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Nationwide Telecom Inc. v. Dollar Phone Corp.

United States District Court, D. Colorado

April 5, 2018



          Marcia S. Krieger United States District Court

         THIS MATTER comes before the Court on the Defendant's Motion for Reconsideration (# 66), the Plaintiff's response (# 70), and the Defendant's reply (# 72). For the reasons that follow, the Motion is granted.

         The facts are summarized in the Court's order on Defendant Dollar Phone Corp.'s Motion to Dismiss (# 65), which held that the Court has personal jurisdiction over Dollar Phone.

         In relevant part, the Court's order read:

Neither side has identified the physical location of the wholesale switch owned by Nationwide and accessed by Dollar Phone, but the Court construes the Amended Complaint's allegation that “Nationwide's business is within the territorial boundaries of . . . Colorado” to assert that Nationwide maintains equipment of this type in Colorado. Thus, it appears that Dollar Phone made a form of electronic contact with property belonging to Nationwide in Colorado.

# 65 at 7.

         Dollar Phone now moves the Court to reconsider that order because the wholesale switches the Court presumed were in Colorado instead are actually located in Los Angeles, California. To that end, Dollar Phone includes evidence that the geolocation of each of the five IP addresses that it is alleged to have accessed is in Los Angeles. # 66-4 at 2-6; # 66-5 at 2.

         Motions for reconsideration are not addressed by Federal Rule of Civil Procedure. However, relief from an order can be sought pursuant to Fed.R.Civ.P 60. Rule 60(b) permits the Court to grant relief from an order due to, among other things, a substantive mistake of law or fact by the Court, newly discovered evidence that, with reasonable diligence, could not have been discovered earlier, or as a result of any other reason that justifies relief. See Fed. R. Civ. P. 60(b)(1)-(2), (6); Yapp v. Excel Corp., 186 F.3d 1222, 1231 (10th Cir. 1999). Reconsideration under Rule 60(b) is extraordinary, and may only be granted in exceptional circumstances. Rogers v. Andrus Transp. Servs., 502 F.3d 1147, 1153 (10th Cir. 2007). Reconsideration is not a tool to rehash previously-presented arguments already considered and rejected by the Court, nor is it properly used to present new arguments based upon law or facts that existed at the time of the original argument. FDIC v. United Pac. Ins. Co., 152 F.3d 1266, 1272 (10th Cir. 1998); Van Skiver v. United States, 952 F.2d 1241, 1243-44 (10th Cir. 1991).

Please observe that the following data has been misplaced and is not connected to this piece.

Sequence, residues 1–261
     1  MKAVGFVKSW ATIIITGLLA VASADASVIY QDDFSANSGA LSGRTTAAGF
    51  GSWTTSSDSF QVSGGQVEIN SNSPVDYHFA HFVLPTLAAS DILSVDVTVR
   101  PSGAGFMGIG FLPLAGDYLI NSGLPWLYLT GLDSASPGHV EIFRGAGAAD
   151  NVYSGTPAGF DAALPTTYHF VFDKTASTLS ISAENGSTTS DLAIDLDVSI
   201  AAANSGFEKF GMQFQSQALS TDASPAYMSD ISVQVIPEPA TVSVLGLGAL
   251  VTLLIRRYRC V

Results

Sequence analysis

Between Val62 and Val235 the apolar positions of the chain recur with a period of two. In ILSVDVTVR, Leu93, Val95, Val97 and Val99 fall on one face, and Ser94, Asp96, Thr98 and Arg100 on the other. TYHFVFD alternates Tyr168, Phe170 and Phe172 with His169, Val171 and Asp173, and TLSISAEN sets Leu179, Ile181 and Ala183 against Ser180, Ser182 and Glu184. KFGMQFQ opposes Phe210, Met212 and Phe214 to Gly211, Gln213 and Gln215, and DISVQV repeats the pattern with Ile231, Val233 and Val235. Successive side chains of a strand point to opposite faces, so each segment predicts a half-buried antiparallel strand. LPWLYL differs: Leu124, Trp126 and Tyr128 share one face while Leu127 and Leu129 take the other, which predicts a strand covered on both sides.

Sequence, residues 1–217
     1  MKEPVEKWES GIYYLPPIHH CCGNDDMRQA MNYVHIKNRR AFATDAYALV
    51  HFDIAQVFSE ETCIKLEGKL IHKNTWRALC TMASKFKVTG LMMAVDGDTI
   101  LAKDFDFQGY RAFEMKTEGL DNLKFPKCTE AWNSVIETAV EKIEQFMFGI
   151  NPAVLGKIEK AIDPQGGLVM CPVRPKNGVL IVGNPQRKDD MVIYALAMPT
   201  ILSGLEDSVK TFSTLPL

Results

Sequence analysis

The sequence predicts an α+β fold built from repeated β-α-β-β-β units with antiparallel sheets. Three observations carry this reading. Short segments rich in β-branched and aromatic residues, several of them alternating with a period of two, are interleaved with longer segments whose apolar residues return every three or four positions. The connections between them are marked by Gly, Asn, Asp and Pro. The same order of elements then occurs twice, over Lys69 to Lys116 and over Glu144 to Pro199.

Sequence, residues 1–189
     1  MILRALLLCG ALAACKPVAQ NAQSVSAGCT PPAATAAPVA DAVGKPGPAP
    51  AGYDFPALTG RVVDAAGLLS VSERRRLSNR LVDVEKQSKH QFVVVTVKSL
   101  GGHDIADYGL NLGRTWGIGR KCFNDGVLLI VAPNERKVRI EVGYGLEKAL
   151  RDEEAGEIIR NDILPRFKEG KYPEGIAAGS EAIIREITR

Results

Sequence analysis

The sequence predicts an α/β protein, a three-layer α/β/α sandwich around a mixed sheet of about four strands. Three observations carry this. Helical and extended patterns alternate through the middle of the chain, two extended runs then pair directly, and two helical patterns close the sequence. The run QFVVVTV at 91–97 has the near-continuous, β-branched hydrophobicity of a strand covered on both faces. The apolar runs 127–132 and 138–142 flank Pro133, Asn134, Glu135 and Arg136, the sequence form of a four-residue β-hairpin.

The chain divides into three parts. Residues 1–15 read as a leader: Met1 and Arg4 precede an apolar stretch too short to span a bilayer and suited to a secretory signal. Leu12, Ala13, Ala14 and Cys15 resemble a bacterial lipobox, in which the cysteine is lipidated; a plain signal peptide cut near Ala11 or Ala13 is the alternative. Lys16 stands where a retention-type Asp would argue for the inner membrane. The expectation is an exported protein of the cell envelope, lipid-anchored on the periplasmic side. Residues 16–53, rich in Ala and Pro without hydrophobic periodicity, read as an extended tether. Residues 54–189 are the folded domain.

Dollar Phone seeks to correct the Court's personal-jurisdiction analysis with regard to whether minimum contacts exist between Dollar Phone and Colorado, the forum state, such that it “should reasonably anticipate being haled into court there”. AST Sports Science Inc. v. CLF Distribution Ltd., 514 F.3d 1054, 1057 (10th Cir. 2008). The Court's minimum-contacts determination was based on specific jurisdiction, which focuses on whether a defendant purposefully directed its activities at the forum, and is based on three factors: (1) an intentional action that was (2) expressly aimed at the forum state with (3) knowledge that the brunt of the injury would be felt in the forum state. Dudnikov v. Chalk & Vermilion Fine Arts Inc., 514 F.3d 1063, 1072 (10th Cir. 2008). By submitting evidence that Nationwide's relevant switches are in Los Angeles, Dollar Phone has shown that its intentional action was not necessarily aimed at Colorado, and has thus identified a substantive mistake of fact. Accordingly, the Court will reconsider whether it has specific jurisdiction over Dollar Phone.